drift mixed odors of coffee, cigars. foods sea-
soned with garlic, and wonderful cakes. When I, too. had sat for hours in a
cafe. or wandered the streets. or sat basking in the sun in one of the many beautifully kept gardens. I would return quiet cream and white room in
which somehow was nearly always faintly fragrant with
could only surmise that the hausfrau had a penchant for
baked apples.
Air Raid Practice Time went all too quickly, and the day of my departure was at hand. That
night, as
train again hurried across Germany. we travelled in com-
piete darkness.
An order had been issued that all lights were to be tinguished, all the curtains to the win.
cows arawa.
I. who had not seen a
nevspaper for several days.
was some.
drawn from all corners of the world- what perturbed and wondered
could have happened.
Had all the
two Australlans (Kester and Alan),
and excitement at last
Zealander, one or two Canadians,
one German, one Norwegian, several
Was Germany at war with
Americans, and among the men only
But no.
it was merely air two Englishmen. raid practise and the evil day that
everybody dreaded had not arrived.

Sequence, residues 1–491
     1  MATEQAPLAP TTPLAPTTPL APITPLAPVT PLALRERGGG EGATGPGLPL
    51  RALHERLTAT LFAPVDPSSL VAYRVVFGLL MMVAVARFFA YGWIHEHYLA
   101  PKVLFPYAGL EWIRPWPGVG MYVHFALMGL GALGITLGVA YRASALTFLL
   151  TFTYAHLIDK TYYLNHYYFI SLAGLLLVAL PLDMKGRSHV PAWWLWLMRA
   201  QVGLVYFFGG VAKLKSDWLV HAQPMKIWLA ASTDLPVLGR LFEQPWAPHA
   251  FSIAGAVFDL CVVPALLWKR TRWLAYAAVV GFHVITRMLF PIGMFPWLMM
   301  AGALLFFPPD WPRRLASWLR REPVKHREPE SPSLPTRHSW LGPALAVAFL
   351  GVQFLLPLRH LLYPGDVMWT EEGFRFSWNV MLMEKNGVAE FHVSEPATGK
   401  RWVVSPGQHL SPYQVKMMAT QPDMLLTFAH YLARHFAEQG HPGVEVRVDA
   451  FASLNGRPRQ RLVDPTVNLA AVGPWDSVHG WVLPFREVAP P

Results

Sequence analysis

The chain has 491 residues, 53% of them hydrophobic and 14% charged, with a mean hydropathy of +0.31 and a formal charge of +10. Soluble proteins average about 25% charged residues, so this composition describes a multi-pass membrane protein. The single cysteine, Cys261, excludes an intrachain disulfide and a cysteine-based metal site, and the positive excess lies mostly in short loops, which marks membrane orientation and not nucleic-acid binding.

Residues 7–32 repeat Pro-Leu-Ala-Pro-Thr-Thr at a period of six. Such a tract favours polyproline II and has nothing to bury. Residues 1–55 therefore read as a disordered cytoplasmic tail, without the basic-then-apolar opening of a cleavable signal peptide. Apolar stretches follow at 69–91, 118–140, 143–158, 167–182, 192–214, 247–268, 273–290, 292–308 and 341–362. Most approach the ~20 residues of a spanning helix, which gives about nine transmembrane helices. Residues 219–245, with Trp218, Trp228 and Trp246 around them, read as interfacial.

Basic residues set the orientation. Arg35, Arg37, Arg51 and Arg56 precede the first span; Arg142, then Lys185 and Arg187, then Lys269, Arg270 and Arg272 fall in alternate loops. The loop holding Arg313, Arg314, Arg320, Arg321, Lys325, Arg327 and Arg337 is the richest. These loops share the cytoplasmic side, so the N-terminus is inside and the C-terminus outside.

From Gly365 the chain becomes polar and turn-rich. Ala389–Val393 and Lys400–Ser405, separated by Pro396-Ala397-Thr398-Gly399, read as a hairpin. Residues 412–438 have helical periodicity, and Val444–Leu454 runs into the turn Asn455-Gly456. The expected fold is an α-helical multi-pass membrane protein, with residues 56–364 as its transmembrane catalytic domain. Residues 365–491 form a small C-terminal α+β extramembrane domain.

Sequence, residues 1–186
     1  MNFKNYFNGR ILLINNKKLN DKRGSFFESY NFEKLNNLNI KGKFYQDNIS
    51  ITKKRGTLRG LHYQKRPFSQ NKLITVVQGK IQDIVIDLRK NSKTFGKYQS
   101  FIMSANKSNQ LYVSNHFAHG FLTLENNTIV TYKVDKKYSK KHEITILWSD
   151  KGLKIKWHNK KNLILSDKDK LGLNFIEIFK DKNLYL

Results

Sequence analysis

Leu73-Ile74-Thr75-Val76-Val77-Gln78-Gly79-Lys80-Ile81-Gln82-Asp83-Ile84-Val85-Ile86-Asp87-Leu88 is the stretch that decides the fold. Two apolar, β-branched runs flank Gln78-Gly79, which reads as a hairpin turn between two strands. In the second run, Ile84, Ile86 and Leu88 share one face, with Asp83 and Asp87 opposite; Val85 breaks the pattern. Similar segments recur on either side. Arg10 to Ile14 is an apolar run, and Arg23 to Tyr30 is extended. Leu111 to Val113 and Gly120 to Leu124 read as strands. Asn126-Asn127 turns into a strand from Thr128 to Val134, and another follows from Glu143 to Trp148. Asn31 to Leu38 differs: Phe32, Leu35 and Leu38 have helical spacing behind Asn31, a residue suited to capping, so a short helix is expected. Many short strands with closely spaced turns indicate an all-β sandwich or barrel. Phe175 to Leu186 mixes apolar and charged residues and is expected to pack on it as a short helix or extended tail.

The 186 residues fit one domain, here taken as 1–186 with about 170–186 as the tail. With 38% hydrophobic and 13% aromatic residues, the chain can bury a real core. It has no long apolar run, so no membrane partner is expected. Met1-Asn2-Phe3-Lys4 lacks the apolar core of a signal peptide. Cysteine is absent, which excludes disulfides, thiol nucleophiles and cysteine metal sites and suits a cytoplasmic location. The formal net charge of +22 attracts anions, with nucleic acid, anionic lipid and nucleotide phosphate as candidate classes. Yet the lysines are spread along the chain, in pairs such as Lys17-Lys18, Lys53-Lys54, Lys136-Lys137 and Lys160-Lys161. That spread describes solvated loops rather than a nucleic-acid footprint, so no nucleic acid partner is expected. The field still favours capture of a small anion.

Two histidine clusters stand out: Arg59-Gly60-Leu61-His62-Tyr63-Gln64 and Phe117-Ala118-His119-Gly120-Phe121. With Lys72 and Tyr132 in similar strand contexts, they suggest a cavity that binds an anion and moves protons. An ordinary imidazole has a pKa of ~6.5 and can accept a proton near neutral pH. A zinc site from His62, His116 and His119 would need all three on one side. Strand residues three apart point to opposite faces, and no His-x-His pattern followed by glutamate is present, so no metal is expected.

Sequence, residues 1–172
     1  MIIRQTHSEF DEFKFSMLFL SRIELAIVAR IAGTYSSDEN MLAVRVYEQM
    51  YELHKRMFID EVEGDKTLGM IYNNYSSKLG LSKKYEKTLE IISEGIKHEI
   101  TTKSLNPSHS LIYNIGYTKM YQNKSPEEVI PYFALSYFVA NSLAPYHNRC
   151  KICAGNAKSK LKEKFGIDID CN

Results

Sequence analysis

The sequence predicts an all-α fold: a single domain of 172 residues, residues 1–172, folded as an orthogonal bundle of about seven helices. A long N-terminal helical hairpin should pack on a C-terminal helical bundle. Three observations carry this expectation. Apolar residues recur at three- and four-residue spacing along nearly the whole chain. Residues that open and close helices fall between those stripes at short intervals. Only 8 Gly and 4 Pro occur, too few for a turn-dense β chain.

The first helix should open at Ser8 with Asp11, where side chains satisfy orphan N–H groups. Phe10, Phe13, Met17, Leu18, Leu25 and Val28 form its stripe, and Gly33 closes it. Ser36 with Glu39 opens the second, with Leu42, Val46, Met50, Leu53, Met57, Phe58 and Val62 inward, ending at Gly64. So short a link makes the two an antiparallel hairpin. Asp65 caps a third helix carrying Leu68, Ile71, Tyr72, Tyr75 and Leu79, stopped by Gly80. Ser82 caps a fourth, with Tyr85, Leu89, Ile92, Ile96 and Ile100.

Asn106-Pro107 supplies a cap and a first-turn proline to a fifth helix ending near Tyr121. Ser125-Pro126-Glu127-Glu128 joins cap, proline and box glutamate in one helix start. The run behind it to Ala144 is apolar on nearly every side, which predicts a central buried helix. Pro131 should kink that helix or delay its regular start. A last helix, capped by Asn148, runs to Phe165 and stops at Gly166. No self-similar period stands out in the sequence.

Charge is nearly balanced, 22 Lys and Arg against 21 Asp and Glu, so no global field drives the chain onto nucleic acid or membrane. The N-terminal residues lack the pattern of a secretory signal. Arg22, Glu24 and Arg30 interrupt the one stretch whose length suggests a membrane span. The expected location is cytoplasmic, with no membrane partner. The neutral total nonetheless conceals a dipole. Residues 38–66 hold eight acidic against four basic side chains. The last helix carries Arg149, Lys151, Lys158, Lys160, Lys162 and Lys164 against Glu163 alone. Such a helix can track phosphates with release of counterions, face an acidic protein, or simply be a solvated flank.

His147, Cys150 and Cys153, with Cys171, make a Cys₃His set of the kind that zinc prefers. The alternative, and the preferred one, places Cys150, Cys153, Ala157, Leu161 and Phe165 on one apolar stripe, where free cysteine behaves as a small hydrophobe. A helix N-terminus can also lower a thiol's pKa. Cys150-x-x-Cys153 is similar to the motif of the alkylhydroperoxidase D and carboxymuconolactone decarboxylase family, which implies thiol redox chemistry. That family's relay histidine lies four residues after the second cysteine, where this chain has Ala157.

Surrounded By Beauty
Interesting, and most satisfactory to
So there they are embarked on. a all those who loyally supported career that may make history in the
Kester Baruch and Alan Harkness and world of the theatre.
Kester writes.
their Ab Intra Studio will be the news
"We are surrounded by beauty, work- that they have been selected out
many applicants to be two of a com- ing in beautiful studios, sleepingin
beautiful rooms, opening on to beauti- pany that Chekhov intends to train for ful gardens, fed with beautiful food
three years and then bring them
served in a beautiful manner. Chekhov
fore the public, backed by the seemingly
SaYS that while we are here we must unlimited financial resources of the
marvellous Dartington Hall Estate
not forget for one moment that we are
Totness. Devon. artists, that we are young, strong, and
We may not be so outside,
The Inner Attitude
but that is not nearly so important as
Chekhov works in
Delhe SO
the way that
inside. for that must beour
Kester Baruch and Alan Harkness felt
attitude to all we do even the simplest
was the only way when they
thing. such as shifting a chair, draw-
named ing the curtains, or even closing the their studio Ab-intra. He works from door.
the within and in his training makes
"Needless to say." says Kester
it clear that all the
an actor is called upon to do
on to a dong that
and I feel uniquely honored to be the
separable from an Inner attitude, that
two Australians selected from the many
if it is to be creative and convincing. form the initial group, which will,
it all goes well, make
The persons in the groun have been tory. theatrical his-